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Black Panther: Wakanda Forever Movie Review

Bring the tissues. Wakanda Forever is an emotional triumph, that deals with grief in a very real way and tells a story of a sister trying to mourn her brother. It also accomplishes a rare feat, telling two stories relatively well without one overshadowing the other. The other half of the story is Namor, and he steals the show. And extra points to whatever executive decided to let him keep his feather ankles.

The Plot

The plot of Wakanda Forever was obviously up in the air after the death of Chadwick Boseman, but Ryan Coogler really found an interesting way to make a sequel that worked. The world knows Wakanda exists, and is out to steal it's vibranium after the death of its King. Namor, the ruler of Talocan, meets up with Wakanda to offer them an alliance against the less civilized and more hostile world. Which is an awesome take on colonialism and an excellent use of Latin American culture. The first Black Panther movie had plot holes and a messy plot overall, but this movie tells a compelling story that has just a hint of the Marvel commercialism/advertisements for other movies that seem to inflate their Phase 4 movies. The plot of this movie works, focusing on a depressed Shuri who just wants to see the world burn. Her descent into rage is interesting to watch, and juxtaposing Wakanda with Talocan worked very well. Talocan did a much better job of hiding (because water) from the outside world, so they are fighting to keep their society hidden and safe. Namor's name origin is mad lame, but other than that his motives make sense, he is a complicated character, and his decision to align with Wakanda makes sense. Usually people hate water levels in games, but this water level of the MCU was a good change of pace. In the classic MCU fashion they couldn't let Namor be morally grey, and made him a sure villain at the end, but he is one of the better MCU villains, and easily the best of this phase (except whoever wrote Eternals). The story itself is about forty minutes too long, which is absurd, this movie could have been a two hour triumph but instead drowns its story and pace and forces us to get to 2 hours and 40 minutes. As cool as Riri Williams was, ultimately she didn't need ot be in the movie, sorry Worcester.


There are way too many cooks in the kitchen. Some characters who were the highlight of the previous movie (Glory to Hanuman) received very little screen time and when they did have screen time, were barely used. Way too much of the movie was focused on Riri Williams, who becomes a non important side character after about an hour in. Martin Freeman is also woefully unused, with Julia Louis-Dreyfus making cheap attempts humor which really just seemed like a Thunderbolts commercial. Remove every single Martin Freeman scene and you have the exact same movie with the exact same outcomes. Where Black Panther 1 should have expanded beyond Wakanda, I believe Wakanda Forever would have benefitted from sticking to it's boundaries, and exploring Talocan more. The inclusion of Riri made sense at first, but what a HUGE missed opportunity to have her build a way out of that underwater cave, just like Tony did. Instead it just felt like a commercial for the character, and I wasn't exactly sold. Her Mark 1 looks horrible (barely able to see it's an Iron Man suit, but don't worry, Random Cop #3 will tell you it's one), and her Mark 2 is a CGI nightmare and garish to look at. It also feels cheap to have Riri depend on Wakanda to make a "real" Iron Man suit. Shuri is also a boring protagonist, but a believable depression around her due to T'Challa's death. Her performance is acceptable, but not the incredible one Chadwick Boseman would have brought to the role. The true scene stealer is Namor; perfectly played by Tenoch Huerta. The Latin American twists works, and it's not forced like other movies try to do. Namor is terrifying, fun, and hopeful all at the same time, and that's all due to Tenoch Huerta's efforts to bring the character to life. Marvel finally gave a villain enough screentime, it must be the Apocalypse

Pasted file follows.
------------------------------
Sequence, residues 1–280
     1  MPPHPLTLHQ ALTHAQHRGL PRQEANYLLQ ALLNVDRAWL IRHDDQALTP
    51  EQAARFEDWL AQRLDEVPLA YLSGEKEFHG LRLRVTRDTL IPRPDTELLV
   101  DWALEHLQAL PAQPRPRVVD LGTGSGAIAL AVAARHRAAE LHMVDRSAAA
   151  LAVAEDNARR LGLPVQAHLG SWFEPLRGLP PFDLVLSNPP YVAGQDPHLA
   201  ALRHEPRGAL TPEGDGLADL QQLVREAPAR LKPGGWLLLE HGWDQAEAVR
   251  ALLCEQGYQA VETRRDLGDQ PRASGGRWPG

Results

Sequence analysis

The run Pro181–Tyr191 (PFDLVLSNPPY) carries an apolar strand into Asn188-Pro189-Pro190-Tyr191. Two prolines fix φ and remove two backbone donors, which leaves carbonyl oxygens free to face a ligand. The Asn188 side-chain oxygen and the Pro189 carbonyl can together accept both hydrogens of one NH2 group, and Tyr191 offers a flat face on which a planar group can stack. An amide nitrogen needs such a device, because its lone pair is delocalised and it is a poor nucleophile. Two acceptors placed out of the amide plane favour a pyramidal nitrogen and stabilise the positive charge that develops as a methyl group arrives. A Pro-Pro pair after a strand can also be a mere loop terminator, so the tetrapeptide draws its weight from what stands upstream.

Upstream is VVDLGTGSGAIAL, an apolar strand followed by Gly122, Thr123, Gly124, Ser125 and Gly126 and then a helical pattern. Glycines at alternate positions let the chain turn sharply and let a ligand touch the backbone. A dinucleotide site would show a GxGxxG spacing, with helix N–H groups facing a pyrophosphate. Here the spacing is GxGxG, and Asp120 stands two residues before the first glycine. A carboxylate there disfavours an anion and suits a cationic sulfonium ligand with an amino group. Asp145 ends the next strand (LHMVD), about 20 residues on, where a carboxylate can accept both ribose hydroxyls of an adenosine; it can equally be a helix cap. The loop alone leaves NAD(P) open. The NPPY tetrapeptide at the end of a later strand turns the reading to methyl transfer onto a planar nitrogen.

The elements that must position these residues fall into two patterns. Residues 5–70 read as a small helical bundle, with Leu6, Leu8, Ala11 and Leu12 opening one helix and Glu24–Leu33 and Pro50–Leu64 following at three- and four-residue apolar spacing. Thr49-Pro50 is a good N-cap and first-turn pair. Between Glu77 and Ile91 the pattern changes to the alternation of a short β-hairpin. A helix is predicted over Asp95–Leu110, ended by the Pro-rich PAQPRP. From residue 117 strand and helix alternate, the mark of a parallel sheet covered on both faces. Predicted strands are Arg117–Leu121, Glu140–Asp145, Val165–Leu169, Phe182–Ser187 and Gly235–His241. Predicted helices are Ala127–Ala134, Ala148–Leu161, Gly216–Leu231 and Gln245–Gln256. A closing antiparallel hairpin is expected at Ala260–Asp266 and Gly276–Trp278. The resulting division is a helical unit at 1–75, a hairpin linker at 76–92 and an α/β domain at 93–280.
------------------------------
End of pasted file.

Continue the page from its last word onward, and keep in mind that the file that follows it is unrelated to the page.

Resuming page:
Cultural Impact

While both of these movies might not be perfect, the cultural impact and importance can't be ignored. Wakanda Forever shines a light on African culture yet again, but it also gives Latin American culture a much deserved spot on the big screen. It's done well, tastefully, and not a terrible CGI Rhino to be found. Ryan Coogler has the vision to create cultural spectacles, and even if the movie ends up not being great, it always end up being important. I respect Coogler's vision, even if I don't always agree with his plot/script choices. Hopefully next time around we can get a more focused story, with less commercial like distractions, but that seems impossible for Marvel now.


Wakanda Forever is a touching tribute to Boseman and the Black Panther, and provides a complex villain and an interesting albeit bloated plot that gets easily bogged down by the middling side stories of less important characters. With a better lead and 40 minute less run time this movie could have been fantastic.

Score: 7/10

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